Last class, we mentioned an odd type of good known as an “inferior” good. You may recall that the demand for an “inferior” good actually increases when income decreases. Examples are margarine (because people with declining income can less afford butter). Bankruptcy services are “inferior”, because when people's income declines, more of them file for bankruptcy, and then there is a greater demand for bankruptcy services.
Question: If a good is inferior, does a decrease in its price cause an increase in quantity demanded?
Think about it. From the prior section, the overall change in quantity demanded is a sum of the “income effect” and the “substitution effect.” Let's look at the income effect first. Ordinarily, the “income effect” when the price decreases is that real income goes up. But for an “inferior” good, an increase in income means a decrease in demand! That’s strange. Thus for an inferior good, when the price decreases, the income effect is a decrease in demand.
However, the “substitution effect” goes up when the price falls, even for an inferior good. Because the income effect and substitution effect move in opposite directions, it is difficult to predict what will happen to their sum, which is the overall demand. A “Giffen good” is an inferior good for which the income effect dominates, and thus it has the unusual characteristic that a fall in price of the good causes a fall in demand. A Giffen good violates the Law of Demand. It is difficult to think of an example.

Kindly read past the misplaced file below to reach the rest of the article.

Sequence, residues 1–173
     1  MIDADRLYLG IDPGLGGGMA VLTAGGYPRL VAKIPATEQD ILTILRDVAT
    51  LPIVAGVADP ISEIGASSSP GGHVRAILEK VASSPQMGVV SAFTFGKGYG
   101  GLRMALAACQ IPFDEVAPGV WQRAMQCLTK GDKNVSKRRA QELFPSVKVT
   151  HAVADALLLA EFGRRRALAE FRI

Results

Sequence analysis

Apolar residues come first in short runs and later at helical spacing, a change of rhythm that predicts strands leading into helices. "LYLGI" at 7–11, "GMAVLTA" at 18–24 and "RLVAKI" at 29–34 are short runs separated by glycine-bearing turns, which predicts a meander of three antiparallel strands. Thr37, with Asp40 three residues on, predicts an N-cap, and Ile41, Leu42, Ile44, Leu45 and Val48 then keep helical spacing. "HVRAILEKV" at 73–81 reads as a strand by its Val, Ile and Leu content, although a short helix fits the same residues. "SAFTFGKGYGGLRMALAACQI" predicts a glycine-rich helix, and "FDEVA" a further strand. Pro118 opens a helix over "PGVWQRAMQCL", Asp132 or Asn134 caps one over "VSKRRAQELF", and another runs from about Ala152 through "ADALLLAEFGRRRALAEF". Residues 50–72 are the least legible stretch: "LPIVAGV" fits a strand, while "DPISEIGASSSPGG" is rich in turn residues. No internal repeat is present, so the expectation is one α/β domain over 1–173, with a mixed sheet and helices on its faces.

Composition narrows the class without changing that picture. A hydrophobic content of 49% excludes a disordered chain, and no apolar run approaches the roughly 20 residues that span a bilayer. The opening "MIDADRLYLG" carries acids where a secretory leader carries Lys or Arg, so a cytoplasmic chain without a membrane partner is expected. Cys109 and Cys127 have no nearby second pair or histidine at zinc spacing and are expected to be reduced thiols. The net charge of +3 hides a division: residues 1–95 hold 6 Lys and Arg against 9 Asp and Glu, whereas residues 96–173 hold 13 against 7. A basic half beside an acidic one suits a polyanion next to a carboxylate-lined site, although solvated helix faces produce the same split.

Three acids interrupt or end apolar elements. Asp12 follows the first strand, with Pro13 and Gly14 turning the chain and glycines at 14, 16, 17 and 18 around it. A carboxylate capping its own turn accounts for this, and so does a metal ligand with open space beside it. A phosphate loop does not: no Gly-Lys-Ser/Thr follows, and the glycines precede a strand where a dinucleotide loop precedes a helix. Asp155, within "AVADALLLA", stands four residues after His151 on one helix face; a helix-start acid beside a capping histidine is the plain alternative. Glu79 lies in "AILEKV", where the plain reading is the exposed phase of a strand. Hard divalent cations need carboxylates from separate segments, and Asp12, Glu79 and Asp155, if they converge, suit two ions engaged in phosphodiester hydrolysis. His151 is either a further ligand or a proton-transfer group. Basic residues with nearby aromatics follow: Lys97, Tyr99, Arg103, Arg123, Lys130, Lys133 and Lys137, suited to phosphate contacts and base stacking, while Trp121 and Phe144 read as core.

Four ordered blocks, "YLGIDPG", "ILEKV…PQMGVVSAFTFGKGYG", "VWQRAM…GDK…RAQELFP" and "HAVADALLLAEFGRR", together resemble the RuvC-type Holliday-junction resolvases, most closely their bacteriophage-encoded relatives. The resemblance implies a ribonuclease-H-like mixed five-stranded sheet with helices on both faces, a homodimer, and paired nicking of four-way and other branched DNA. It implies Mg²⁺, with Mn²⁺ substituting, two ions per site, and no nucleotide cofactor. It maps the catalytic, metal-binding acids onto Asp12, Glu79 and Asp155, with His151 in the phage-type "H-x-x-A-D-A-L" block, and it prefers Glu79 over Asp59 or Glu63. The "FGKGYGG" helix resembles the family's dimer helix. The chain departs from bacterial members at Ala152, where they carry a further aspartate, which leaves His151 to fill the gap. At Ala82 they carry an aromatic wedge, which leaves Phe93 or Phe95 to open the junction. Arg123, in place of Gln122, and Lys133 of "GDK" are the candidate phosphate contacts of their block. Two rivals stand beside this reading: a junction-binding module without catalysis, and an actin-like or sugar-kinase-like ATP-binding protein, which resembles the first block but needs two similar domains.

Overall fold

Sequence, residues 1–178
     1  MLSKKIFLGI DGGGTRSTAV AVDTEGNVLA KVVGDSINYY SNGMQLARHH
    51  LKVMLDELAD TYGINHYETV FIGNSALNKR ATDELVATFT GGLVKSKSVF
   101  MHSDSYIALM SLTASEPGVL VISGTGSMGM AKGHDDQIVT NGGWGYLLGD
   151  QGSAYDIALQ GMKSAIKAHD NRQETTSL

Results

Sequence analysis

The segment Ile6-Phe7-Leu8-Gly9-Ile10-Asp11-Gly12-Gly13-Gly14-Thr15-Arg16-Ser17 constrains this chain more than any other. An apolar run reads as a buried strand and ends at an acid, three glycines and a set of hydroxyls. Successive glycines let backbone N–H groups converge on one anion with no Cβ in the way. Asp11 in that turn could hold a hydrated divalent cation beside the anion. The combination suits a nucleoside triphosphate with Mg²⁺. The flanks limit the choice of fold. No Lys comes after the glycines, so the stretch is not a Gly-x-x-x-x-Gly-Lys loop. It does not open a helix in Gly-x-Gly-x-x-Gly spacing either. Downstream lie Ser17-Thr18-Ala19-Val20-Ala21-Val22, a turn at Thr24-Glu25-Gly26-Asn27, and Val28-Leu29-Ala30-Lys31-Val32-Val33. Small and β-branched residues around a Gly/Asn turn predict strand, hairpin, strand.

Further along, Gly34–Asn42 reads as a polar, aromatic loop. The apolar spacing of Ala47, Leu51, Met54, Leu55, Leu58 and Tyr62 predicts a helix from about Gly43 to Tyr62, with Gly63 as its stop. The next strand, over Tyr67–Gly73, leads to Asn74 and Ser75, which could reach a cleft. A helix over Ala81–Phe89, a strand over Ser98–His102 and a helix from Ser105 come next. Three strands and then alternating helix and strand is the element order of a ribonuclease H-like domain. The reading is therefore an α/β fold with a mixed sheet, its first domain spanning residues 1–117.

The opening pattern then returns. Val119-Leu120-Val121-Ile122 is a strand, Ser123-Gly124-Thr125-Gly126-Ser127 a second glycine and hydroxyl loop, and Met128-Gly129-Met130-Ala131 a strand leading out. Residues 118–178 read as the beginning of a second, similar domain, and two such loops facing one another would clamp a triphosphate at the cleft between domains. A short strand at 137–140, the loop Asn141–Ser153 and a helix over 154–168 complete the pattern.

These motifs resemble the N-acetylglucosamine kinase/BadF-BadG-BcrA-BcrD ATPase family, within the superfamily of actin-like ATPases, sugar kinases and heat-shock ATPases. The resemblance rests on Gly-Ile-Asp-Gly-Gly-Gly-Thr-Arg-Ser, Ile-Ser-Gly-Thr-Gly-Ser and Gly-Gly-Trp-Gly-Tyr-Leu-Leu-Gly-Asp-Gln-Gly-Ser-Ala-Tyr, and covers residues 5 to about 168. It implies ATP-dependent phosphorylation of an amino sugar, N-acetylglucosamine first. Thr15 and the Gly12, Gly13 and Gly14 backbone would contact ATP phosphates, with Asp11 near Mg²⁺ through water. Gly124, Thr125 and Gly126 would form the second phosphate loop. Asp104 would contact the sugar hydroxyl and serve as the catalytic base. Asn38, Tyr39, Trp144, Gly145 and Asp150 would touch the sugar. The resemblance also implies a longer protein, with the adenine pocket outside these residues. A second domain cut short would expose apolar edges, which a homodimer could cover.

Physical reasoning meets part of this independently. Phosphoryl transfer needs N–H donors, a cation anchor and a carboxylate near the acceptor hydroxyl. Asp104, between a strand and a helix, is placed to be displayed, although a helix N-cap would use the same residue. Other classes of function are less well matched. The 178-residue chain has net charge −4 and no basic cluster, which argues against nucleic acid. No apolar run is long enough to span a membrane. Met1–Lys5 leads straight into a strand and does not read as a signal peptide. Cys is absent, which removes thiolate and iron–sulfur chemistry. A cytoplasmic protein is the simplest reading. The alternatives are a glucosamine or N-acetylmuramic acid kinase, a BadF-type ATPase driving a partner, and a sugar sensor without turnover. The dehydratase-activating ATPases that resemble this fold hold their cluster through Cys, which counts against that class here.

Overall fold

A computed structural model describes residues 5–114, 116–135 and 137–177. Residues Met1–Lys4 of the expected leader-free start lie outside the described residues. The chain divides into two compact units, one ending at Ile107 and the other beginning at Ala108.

It is worth defining a “Giffen good” again, this time in terms of a price increase: A "Giffen good" is a good which has an increase in demand when its price increases. Raise the price of a Giffen good, and the demand for this good increases. (All other goods have a decrease in demand when the price of the good increases.)